IMG_5252I truly believe that much of our lives are attached to culinary experiences.  I know mine certainly is.  Maybe my Italian heritage is to blame because I know that 90% of my life played out in the kitchen.  So many memories are centered around being in the kitchen or around the dining table or in restaurants or relatives kitchens and dining rooms.  I have such vivid childhood memories or sitting at the kitchen table looking at the pictures in my mothers Betty Crocker cookbook while she baked and I as question after question about what is this or that and why do you have to do that and why can’t I have some now.  Sitting up on the counter while she made Swedish Tea Ring and waiting for what seemed like an eternity for it to cool so we could have a piece.  The all day ritual of her making Creamed Chicken and Biscuits from scratch.  It was and still is one of my favorite dishes of all time.  Then there was my 16th birthday when my sister introduced me to Carrot Cake.  I remember thinking she was crazy making me that cake for my birthday but what a culinary memory it produced.  To this very day whenever I even see a recipe for carrot cake I am transported back to that day when I had my first piece of carrot cake.  And of course there is my sisters killer mac and cheese.  She made the best bar none mac and cheese.  Whenever we would have a brother/sister day I would make her make it for me.  I would sit at her kitchen table eating it with my niece and nephew and wondered if they had any clue just how special it was.  I still make it using her recipe but I never get it the way she does.  Maybe is it just because my sister didn’t make it for me.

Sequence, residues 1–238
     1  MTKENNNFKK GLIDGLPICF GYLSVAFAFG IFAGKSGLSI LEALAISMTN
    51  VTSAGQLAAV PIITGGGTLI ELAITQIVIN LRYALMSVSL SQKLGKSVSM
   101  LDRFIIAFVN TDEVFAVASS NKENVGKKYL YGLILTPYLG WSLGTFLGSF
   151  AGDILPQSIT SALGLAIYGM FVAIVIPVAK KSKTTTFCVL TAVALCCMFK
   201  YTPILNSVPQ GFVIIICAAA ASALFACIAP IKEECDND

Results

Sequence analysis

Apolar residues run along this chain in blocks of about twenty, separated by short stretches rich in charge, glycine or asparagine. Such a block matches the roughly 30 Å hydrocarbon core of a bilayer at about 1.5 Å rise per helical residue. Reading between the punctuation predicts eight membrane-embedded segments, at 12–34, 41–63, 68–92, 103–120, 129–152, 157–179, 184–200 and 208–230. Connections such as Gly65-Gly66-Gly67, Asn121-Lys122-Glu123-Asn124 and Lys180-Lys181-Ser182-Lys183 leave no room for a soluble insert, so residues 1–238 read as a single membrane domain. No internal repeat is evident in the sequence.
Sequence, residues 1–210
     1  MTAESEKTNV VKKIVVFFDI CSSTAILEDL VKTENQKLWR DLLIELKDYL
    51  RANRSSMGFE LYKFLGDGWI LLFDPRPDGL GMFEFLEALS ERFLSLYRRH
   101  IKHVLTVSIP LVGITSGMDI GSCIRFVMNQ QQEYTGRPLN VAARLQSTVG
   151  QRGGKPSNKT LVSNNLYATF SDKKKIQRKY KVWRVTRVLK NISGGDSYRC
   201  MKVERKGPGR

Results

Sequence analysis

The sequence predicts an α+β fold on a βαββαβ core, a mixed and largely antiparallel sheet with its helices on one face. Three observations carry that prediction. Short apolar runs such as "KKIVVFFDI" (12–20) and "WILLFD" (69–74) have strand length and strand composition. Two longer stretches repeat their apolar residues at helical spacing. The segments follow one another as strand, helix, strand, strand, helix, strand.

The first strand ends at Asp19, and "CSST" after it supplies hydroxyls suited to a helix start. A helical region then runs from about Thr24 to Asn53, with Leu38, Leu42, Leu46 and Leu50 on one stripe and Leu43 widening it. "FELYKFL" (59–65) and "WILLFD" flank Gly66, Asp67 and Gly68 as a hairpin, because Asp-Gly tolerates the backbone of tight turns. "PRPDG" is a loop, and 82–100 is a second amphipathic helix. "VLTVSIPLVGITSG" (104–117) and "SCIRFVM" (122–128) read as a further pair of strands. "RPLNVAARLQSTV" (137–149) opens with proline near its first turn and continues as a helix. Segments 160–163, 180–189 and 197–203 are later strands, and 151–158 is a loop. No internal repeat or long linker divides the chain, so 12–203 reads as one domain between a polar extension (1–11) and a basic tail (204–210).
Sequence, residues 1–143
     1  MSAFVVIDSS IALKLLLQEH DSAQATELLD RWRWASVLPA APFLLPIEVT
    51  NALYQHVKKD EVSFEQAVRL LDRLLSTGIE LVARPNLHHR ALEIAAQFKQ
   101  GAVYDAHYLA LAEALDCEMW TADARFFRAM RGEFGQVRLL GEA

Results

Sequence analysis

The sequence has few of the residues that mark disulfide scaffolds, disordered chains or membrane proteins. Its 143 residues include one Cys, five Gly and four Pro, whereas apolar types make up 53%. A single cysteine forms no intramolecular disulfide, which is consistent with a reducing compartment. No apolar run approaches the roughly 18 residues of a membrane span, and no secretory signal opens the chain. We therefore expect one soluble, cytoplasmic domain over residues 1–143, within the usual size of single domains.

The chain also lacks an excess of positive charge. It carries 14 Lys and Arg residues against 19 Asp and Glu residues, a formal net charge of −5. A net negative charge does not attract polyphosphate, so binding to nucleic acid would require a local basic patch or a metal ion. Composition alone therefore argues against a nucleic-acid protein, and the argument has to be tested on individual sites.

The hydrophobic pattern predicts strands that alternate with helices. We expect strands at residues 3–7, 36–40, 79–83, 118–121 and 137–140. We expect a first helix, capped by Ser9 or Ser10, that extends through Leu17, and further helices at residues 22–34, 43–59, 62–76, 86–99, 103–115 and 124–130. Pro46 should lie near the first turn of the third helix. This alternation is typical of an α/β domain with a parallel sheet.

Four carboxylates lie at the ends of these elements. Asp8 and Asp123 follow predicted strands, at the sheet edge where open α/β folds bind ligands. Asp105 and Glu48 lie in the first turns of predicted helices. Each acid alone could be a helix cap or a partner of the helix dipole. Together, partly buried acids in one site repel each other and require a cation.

IMG_5247The whole point of all this rambling is that there are those food moments that change you forever.  The same thing happened to me the first time I read Nigella Lawsons How to be a Domestic Goddess.  Of course I considered myself to be a domestic goddess long before I had ever even heard of Nigella Lawson but something about that book and those recipes forever changed how I read and used cookbooks.  Just reading her descriptions of how the food was made, the feel of things, the sounds they made, the smells and tastes made you want to cook every recipe even if it was something you hated.  Nigella and that book changed me and I have been a devoted fan ever since.

IMG_5255I first saw this cake on one of her “Feast” programs on the Cooking channel and I have wanted to make it for ages.  Guinness isn’t usually something I have around the house and I hate buying a whole 6 pack of it just for the one cup needed for this cake.  As luck would have it, I did buy it for St. Patricks day and had a bit leftover so at long last the cake is born.

One thing I should say about Nigellas cake recipes is that they are so easy.  This cake is no exception, the entire cake being made in a saucepan in about 5 minutes.

Add 1 cup of Guinness to a saucepan along with 5 ounces of butter and heat it until the butter is melted.  Next add 3/4 cups unsweetened cocoa and 2 cups of sugar and mix them in.  Combine 2 eggs, 3/4 cup sour cream and 2 tablespoons of vanilla in a bowl and then stir them into the mixture.  Finally stir in 2 cups of flour and 2 1/2 teaspoons of baking soda and pour the batter into a springform pan.  Bake for about 45 minutes and there you have it.  Cool the cake completely in the pan on a rack.

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The frosting is even simpler.  Beat one package of cream cheese, sift in 1 1/4 cups confections sugar and beat until fluffy, then beat in 1/2 cup of whipping cream.

Turn the cake out onto a serving plate and frost the top of the cake.  The cake is rich, chocolateyand very most.  Definitely work buying Guinness for.  And you can drink the Guinness with the cake.  Wonderful

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